I love my mommy-son dates with my 4½ year old when we go to movies, plays and out for lunch just the two of us. I relish our long talks, and the brilliant and funny things he says. I adore listening to my daughter learning to talk as she repeats every word I say, crawls into my lap and says, “Mommy.”
I’m not sure what I was missing because life was exactly how I wanted it. My daughter had finally begun sleeping through the night, and I could go out again. Drinks, dinners and adult conversation all became a reality. I started my own writing/editing business and was truly living a dream I didn’t even know was possible. I had it all, which is why I wanted more. No matter how busy and happy I was, nothing could beat the joy and excitement of a new baby.
My husband thought I was certifiable to even be considering a third kid when we could barely handle how busy we were with two. My friends who had two kids also thought I was nuts. They totally got the ache of wanting a new baby, but had no desire to do it all again.
I went so far as to start calculating when the baby would be born if I got pregnant right that second. I figured that my breasts had already lost their former glory, my stomach would never be the same, and sleep, well, it would happen one day. Then, following another restful night, I bounced out of bed when I heard my kids calling for me.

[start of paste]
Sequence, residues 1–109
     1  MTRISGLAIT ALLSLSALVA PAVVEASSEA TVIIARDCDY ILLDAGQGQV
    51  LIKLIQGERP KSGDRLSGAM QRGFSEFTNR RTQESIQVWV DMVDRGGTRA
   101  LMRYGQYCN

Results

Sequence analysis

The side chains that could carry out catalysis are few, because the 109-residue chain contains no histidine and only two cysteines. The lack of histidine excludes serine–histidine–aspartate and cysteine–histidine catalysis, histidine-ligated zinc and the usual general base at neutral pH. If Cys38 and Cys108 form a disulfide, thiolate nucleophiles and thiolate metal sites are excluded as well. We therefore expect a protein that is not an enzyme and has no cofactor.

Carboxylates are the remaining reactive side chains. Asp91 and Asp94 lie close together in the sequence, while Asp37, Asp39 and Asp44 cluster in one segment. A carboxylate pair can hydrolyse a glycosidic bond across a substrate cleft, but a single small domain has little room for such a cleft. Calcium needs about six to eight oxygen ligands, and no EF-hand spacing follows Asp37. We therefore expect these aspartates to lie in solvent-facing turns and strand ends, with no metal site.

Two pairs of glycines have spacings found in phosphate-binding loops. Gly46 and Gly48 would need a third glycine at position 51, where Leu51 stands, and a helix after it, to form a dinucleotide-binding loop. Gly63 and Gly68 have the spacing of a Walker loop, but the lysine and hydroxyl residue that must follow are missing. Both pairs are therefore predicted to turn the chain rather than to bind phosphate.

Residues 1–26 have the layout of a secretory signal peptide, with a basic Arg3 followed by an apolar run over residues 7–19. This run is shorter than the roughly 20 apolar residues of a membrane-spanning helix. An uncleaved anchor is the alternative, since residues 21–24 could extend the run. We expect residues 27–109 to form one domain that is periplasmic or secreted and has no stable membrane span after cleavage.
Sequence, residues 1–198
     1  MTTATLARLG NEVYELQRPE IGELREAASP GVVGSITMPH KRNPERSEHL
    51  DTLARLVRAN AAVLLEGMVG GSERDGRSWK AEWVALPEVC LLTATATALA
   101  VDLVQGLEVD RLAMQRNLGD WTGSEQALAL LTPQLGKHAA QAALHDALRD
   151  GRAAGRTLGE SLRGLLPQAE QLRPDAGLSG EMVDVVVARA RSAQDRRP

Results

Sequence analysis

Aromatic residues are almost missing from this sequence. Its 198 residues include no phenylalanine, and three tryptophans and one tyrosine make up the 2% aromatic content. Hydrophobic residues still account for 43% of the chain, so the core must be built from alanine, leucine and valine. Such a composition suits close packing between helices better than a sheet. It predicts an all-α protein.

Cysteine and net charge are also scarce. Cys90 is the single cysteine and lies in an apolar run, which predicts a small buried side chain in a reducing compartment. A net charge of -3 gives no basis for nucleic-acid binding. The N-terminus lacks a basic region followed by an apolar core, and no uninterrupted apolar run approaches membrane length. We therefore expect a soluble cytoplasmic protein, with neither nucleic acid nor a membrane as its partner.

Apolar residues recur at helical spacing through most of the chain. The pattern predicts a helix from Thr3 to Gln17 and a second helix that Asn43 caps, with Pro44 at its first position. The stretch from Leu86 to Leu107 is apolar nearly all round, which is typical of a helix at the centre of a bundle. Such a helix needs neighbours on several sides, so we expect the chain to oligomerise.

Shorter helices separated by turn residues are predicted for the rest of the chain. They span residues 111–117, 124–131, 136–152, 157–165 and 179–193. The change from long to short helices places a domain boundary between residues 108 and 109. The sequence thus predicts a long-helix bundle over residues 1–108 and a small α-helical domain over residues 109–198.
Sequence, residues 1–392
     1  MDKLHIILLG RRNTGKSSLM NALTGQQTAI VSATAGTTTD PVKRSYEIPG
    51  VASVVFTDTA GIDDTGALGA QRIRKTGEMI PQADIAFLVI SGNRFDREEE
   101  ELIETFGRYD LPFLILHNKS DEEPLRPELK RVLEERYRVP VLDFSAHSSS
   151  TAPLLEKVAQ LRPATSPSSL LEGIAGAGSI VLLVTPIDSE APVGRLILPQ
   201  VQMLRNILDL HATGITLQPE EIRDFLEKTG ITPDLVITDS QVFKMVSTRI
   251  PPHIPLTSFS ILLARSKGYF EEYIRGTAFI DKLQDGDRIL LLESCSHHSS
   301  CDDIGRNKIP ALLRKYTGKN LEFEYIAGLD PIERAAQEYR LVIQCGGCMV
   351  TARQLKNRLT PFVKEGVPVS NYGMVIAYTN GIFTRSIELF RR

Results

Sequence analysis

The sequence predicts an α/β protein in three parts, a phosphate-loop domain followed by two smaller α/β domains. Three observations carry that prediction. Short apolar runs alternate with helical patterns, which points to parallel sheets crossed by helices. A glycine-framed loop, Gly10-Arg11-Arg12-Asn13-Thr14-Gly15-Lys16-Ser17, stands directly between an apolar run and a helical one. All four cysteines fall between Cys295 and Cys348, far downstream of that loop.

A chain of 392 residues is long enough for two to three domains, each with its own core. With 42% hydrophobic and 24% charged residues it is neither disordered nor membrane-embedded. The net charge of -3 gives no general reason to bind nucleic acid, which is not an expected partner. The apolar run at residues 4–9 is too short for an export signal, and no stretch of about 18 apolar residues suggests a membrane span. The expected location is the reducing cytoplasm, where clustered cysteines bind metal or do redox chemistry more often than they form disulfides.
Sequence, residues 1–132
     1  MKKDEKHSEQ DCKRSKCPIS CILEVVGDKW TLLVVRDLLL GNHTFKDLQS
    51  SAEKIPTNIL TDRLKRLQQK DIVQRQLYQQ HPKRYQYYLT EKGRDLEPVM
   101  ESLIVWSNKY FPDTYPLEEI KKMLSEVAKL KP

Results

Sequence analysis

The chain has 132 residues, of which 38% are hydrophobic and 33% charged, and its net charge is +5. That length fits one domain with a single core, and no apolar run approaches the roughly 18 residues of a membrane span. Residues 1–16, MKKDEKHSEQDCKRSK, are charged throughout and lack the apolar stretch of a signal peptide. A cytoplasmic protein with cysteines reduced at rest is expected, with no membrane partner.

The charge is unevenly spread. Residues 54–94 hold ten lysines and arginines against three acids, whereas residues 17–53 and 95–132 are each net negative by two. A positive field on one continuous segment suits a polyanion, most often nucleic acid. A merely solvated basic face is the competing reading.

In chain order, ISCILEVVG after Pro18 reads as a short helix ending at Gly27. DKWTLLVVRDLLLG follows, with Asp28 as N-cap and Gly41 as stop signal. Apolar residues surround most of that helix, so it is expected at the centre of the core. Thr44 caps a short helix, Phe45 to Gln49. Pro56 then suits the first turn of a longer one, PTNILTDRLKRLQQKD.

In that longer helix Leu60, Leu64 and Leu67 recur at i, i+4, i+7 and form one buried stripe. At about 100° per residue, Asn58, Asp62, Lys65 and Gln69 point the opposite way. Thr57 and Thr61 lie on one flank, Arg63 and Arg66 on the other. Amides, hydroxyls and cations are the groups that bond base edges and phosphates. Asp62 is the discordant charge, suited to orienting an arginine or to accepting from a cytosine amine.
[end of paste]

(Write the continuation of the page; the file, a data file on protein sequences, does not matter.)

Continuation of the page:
I went to my daughter’s room, expecting the same toothy grin I get every morning. Instead, she had snot all over her face and her cheeks were flushed. I kissed her forehead and, yup, she was warm. Oh well, she had a slight fever and cold. No big deal. She’s so easygoing that I was sure it would pass quickly. And though she was still her sunny self for most of the morning, the snot was flowing, and she was getting warmer. I called my husband to let him know and tell him he’d have to pick our son up from school that day when he finished work.
I had just put my daughter down for her nap, usually a painless and easy task, and was about to start working. Because I’m home with her full-time, I work during her naps and at night. I was sure I’d figure it out if we had another kid. But this time, she wouldn’t sleep, and just as I was about to go and get her, the phone rang. I checked call display. Hmm, it was my son’s school. Heart racing (those calls always get me scared), they assured me it wasn’t an emergency, but could I come and pick my son up? He had an earache.